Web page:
To determine whether urological symptom clusters, as identified in previous studies, were associated with health-related quality-of-life (HRQoL) and use of healthcare.
SUBJECTS AND METHODS
The Boston Area Community Health Survey is a population-based epidemiological study of 2301 male and 3201 female residents of Boston, MA, USA, aged 30–79 years. Baseline data collected from 2002 to 2005 were used in this analysis. Data on 14 urological symptoms were used for the cluster analysis, and five derived symptom clusters among men and four among women were used in multivariate linear regression models (adjusted for age group, race/ethnicity, and comorbidity) to determine their association with physical (PCS-12) and mental health component scores (MCS-12) calculated from the Medical Outcomes Study 12-item Short Form Survey.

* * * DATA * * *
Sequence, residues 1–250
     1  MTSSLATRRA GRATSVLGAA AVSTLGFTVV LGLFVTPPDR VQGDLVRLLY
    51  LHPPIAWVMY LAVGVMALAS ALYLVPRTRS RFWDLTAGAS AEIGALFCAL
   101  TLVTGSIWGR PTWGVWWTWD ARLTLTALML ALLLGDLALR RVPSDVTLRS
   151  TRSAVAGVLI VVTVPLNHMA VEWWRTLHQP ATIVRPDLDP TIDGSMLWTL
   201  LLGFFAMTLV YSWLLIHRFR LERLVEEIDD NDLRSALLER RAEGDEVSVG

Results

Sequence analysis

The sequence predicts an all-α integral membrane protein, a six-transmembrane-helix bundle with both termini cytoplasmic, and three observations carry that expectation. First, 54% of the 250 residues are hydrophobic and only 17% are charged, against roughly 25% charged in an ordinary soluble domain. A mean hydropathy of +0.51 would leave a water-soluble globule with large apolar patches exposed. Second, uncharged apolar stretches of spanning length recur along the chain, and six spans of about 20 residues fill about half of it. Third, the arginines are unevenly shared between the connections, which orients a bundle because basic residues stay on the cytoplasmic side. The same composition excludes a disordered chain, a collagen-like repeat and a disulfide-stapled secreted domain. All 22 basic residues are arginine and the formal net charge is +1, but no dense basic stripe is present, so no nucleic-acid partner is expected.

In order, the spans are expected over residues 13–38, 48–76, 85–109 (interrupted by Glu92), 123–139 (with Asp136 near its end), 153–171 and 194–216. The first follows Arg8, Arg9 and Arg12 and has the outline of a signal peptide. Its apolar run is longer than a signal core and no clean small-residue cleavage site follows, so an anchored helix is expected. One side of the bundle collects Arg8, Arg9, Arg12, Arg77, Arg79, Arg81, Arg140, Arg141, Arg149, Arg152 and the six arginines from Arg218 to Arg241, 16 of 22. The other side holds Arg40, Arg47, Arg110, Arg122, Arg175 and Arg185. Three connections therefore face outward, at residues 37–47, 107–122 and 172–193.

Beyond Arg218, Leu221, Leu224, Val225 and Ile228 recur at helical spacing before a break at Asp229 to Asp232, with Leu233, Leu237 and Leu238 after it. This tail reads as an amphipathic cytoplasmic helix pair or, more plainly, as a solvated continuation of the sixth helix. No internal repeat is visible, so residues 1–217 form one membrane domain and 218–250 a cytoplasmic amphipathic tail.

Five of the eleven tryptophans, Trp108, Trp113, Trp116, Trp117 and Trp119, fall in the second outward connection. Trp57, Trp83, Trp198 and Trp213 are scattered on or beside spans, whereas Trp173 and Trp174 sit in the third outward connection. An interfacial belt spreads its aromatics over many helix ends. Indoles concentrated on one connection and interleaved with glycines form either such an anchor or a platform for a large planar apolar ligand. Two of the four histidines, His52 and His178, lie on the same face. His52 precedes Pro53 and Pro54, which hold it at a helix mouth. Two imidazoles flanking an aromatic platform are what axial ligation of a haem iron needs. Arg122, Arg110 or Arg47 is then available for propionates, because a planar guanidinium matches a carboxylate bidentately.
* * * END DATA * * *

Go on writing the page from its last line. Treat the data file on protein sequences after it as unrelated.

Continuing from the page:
For both men and women, being in the most symptomatic cluster was associated with decrements in the PCS-12 score (men, cluster 5, −10.42; women, cluster 4, −9.80; both P < 0.001) and the MCS-12 score (men, cluster 5, −9.35; women, cluster 4, −6.24; both P < 0.001) compared with the asymptomatic groups. Both men and women in these most symptomatic clusters appeared to have adequate access to healthcare.
For men and women, those with the most urological symptoms reported poorer HRQoL in two domains after adjusting for age and comorbidity, and despite adequate access to care.